Sunday, November 23, 2008

Leopards in Singapore?

Back in school, we studied the early history of Singapore and the wildlife that once walked this island.

The most impressive beast by far was the Sumatra Tiger. Then there are the hordes of moneys that are still around, lots of snakes, the odd civet cat and the occasional scaly anteater.

Growing up in Bukit Timah right smack in the nature reserve, we always had our fair share of wildlife encounters - a baby python curled up on a chair, monkeys raiding our Rambutan trees when they were in season and every now and then I would spy a black cobra what lived in a pandan bush. But I never knew Singapore was once home to leopards.

So this was the big discovery I made when I recently visited the Raffles Museum of Biodiversity Research located within the grounds of the National University of Singapore.

Apparently there were a few clouded leopards like this mounted specimen pictured above taking pride of place in this tiny museum gallery. But that was like 100-odd years ago and the leopards have long since gone extinct.

Given the tiny size of the country, I guess peaceful co-habitation was simply out of the question.

But still, smaller cousins may still yet exist to this day.

Two leopard cats were found within the last decade. One was run over by a vehicle along Mandai Road near the Bukit Timah Expressway on 11 June 2001. The other was found on Pulau Ubin in 1997.

Then there was the very sad story behind this forlorn specimen of the banded leaf monkey.

Apparently there are only like 20 surviving in Singapore and this elderly female, probably the leader of the group, was attacked and killed by dogs a few years ago when she climbed down from her tree sanctuary.

As a person very interested in nature and conservation, the visit to this museum was certainly well worth the effort.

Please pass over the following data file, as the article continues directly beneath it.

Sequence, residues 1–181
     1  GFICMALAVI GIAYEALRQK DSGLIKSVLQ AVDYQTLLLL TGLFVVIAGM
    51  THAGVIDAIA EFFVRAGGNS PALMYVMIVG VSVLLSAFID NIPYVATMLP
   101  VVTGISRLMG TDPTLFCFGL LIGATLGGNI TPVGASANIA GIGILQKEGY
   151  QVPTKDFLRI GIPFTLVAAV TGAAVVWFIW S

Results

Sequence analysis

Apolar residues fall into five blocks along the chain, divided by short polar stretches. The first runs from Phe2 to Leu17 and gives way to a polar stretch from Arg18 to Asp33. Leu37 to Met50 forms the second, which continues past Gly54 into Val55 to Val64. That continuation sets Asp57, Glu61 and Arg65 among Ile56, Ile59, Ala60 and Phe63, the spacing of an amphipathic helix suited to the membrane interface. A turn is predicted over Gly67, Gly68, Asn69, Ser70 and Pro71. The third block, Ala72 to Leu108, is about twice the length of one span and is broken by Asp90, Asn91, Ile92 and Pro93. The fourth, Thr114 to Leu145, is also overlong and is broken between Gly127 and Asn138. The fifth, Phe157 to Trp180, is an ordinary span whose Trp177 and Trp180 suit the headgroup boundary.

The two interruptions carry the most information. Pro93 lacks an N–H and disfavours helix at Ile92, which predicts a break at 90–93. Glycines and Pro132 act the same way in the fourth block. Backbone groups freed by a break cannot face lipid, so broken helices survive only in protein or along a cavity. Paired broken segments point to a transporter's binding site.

It is a pity that this little gem of a museum has received so little attention. They do good work not just in preserving our natural heritage but they are also actively involved in research and conservation.

I hope we can preserve as much as possible of our little natural heritage. We after all, share the planet with plants, bugs, big cats - they have have as much right to life as you or I.

Before I left the museum, I gazed once more into the face of that banded leaf monkey - that look of pain frozen on her tiny weathered face as her little heart surrendered the fight to her killers. I wondered what her world was like. The forest was getting smaller, the colony she loved so much and led so valiantly seemed doomed to perish as their numbers were just too small to remain viable.

The savageness of her own death in her advanced age heralded what must surely be the beginning of the end for her troop. But Nature has surprised us before. Maybe in the depths of our forest reserves, a small band still struggles to survive. They don’t want our help. They don’t need it. All they ask for is to be left alone.

And for this we can only hope …

[The museum had a special workshop on Novermber 20 2008 to get children interested in Singapore's Natural History. This was part of the National Heritage Board's festival - Explore Singapore]

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